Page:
At Agency Geek, we’re all about efficiency. We want agencies to win more of the right business. And we want businesses to hire the right agency – the first time. Well, turns out proposals are a big part of that (yes, that’s sarcasm, ladies and gentlemen). Agency clients consistently rank the proposal as one of the most important pieces of the agency selection puzzle (second only to the agency team itself: character, personality, etc.).
With this in mind, we surveyed more than 1,000 businesses currently on Agency Geek looking to find the right agency partner for advertising, PR, digital marketing and/or web design. What follows are the top 10 reasons for turning down your proposals.
No. 10: You haven’t provided a background on your agency
Seems obvious, right? You’re sending a proposal to a potential client for a $15,000/month digital marketing retainer. Clearly the powers that be have done their background research and studied up on your agency. Wrong. The truth is that your proposal is getting passed from desk to desk, executive to executive – and many of these people have no information other than what’s included in your proposal.
“You’d be surprised how often we weed out an agency simply because their proposal gets passed around the marketing department and people don’t know anything about them.” – CEO, national hotel chain
No. 9: You haven’t provided information on the team
“We want to know who you are. We want to know who is servicing this account. But most importantly, we want to know your VP isn’t dishing us off to three junior account executives with little experience. Tell us about the team!” – CMO, regional restaurant chain
No. 8: You spell like a second grader
There’s simply no excuse for grammar and spelling mistakes in a proposal. It’s the easiest way to have your proposal filed in the nearest trash receptacle.
“If you can’t take the time to proofread your work, what makes me think you’re going to have the attention to detail that I need for my business? Worse, what happens if you’re sending out marketing copy riddled with errors? At that point, you’re messing with my business and my brand. No way I’m taking a chance on that.” – VP of Marketing, iOS mobile gaming app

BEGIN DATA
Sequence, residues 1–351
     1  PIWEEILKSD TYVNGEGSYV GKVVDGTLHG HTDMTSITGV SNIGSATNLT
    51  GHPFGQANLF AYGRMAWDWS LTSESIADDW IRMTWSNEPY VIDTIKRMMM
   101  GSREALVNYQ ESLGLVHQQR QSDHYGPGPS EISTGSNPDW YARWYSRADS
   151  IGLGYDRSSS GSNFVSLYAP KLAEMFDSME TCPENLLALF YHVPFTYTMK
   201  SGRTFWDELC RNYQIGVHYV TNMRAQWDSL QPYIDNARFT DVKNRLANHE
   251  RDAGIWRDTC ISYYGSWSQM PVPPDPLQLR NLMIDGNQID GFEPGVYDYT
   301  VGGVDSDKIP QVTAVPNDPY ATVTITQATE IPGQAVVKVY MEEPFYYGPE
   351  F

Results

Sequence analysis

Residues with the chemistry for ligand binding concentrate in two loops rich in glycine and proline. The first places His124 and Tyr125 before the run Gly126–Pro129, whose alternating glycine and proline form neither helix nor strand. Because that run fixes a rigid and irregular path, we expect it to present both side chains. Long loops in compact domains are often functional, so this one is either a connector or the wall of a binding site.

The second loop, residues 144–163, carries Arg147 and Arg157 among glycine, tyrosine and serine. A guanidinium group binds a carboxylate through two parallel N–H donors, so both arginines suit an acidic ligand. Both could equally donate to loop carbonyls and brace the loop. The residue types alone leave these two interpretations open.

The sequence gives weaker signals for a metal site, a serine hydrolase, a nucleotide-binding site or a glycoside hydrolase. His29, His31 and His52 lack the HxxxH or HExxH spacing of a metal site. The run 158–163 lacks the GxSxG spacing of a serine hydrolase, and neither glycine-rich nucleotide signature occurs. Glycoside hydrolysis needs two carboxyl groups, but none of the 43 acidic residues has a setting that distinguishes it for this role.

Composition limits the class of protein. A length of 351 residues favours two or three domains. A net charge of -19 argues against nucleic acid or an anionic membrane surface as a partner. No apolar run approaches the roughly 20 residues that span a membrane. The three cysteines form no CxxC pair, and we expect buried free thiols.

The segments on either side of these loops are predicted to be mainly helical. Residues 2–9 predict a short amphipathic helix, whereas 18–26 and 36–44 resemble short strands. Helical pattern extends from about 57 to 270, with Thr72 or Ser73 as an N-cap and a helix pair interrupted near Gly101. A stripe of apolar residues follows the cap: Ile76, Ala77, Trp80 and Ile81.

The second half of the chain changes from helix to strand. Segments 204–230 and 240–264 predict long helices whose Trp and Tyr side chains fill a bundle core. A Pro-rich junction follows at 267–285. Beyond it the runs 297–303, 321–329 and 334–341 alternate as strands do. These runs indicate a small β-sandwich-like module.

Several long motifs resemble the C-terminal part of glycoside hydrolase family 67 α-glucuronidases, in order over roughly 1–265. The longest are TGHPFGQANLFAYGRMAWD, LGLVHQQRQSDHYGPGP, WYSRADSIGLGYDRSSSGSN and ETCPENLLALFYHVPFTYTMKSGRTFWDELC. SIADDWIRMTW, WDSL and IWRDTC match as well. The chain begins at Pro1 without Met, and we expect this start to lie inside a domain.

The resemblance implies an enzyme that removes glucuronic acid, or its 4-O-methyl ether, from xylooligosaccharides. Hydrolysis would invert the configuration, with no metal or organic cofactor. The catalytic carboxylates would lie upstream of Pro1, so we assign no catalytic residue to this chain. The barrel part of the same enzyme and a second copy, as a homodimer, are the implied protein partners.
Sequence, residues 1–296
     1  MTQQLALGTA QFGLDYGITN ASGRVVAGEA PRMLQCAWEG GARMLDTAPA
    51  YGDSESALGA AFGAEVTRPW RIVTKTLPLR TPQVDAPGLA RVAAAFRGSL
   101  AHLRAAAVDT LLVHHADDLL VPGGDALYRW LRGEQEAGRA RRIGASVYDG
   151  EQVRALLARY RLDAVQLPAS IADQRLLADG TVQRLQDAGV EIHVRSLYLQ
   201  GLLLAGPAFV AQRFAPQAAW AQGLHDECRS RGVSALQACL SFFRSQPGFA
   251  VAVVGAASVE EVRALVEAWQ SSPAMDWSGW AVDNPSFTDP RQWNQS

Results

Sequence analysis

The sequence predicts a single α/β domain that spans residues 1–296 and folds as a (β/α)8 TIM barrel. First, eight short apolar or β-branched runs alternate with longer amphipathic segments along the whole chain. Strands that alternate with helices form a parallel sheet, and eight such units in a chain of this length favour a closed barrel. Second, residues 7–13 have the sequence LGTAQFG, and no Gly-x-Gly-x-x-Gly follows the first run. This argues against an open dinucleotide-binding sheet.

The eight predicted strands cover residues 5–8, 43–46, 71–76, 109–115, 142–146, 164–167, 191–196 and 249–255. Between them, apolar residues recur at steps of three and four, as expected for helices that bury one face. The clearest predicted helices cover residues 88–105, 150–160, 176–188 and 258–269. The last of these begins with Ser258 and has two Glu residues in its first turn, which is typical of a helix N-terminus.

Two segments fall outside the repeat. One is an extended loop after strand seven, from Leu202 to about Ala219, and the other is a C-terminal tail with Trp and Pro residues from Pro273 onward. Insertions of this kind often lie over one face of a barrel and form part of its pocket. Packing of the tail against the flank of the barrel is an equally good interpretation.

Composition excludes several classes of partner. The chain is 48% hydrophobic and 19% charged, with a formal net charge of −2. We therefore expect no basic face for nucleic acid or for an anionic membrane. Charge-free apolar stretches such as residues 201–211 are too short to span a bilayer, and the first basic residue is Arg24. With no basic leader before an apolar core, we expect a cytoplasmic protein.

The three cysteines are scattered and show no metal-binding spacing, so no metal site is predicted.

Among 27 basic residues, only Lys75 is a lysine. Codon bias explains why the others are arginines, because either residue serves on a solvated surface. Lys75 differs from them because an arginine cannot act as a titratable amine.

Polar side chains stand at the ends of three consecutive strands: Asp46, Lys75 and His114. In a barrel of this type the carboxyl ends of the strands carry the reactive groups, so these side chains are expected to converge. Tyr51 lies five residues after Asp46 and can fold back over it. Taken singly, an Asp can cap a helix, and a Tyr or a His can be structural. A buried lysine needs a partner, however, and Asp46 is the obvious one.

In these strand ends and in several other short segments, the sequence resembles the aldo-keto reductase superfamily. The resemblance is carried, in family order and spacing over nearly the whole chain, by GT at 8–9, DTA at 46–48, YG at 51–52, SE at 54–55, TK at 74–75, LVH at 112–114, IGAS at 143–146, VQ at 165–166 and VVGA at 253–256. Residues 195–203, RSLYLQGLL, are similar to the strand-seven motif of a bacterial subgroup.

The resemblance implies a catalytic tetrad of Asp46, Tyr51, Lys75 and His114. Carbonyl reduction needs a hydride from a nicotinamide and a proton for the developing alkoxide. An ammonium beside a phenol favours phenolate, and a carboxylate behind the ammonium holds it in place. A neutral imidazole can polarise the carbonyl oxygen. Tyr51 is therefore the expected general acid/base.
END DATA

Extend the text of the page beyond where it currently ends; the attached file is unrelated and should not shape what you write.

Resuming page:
No. 7: You prepared a novel
There are times when it’s appropriate to submit a 20-page proposal, particularly if you are dealing with corporate enterprises and national or international chains. Most of the time, though, it’s one giant waste of time – for the person writing it and the person reading it. Say what you need to say as efficiently and effectively as possible. Your potential clients will thank you for it.
No. 6: You prepared a Post-It note
On the flip side, turning in a one-pager for a $20K/month PR campaign is, as they say, no bueno.
“I’m not cutting a check that big for someone who couldn’t sit down and put some thought into my campaign.” – Communications Coordinator, major retail outlet
No. 5: Yawn. You’re really boring
When businesses start looking for an agency – be it for advertising, marketing, PR, branding or web design – do you have any idea how many proposals they have to read? We’ll clue you in. Even on Agency Geek, which offers one of the most efficient RFP processes known to man, the average client sorts through no less than eight proposals before selecting the right partner for the job. Outside of Agency Geek, that number more than doubles. So let’s say the average proposal runs about six pages. That’s 48 pages worth of reading for this hypothetical prospect.
“It’s all ‘we do this’ and ‘I offer that’ and ‘here’s a list of our services.’ I can already see myself falling asleep at my computer. Please, for the sake of all of us, write something unique! Be interesting! Try and stand out a little. Sheesh!” – CEO, NYC-based tech startup
No. 4: You’ve not displayed any understanding of the industry and/or the brand
“We’re about to pay you big bucks to market our product, but whether or not you understand the industry we’re in is anyone’s guess. The proposals we select are from people who have clearly done their research.” – CEO, consumer packaged food product
No. 3: You haven’t provided any case studies (or they’re really bad)
So, um, how about sending your potential client a few examples of the outstanding work you do? A good case study is one of the best sales weapons in your arsenal. Actions speak a lot louder than words, so always be sure to showcase previous work rather than trust a potential client to take your word for it.
Oh, and don’t be lazy about it. Each and every case study should be customized for the client. Please, no templates here. Speaking of which…
No. 2: You sent a garbage template proposal
“Congrats, you can copy and paste. We’re so impressed. Thanks for putting the time and hard work into this proposal. You actually helped me out; one less thing to review.” – CMO, technology consulting firm
And the No. 1 reason your proposal sucks…
No. 1: You haven’t explained your strategy
So you’re going to increase online sales by 3 percent in Q3? And you’re going to land your client top-tier media coverage to help increase brand awareness and drive? Or maybe you’re going to re-design your client’s website for a more modern, edgy feel? Awesome!
“For me, how is the most important question. It’s also the only one to which I really need an answer. A lot of agencies say they are going to accomplish grand goals. It’s the ones that put a real plan on paper that catch my eye. Suddenly you’ve differentiated yourself.” – VP, multi-million dollar healthcare/medical facility
Use this information to your advantage. Prepare better proposals. Win more business.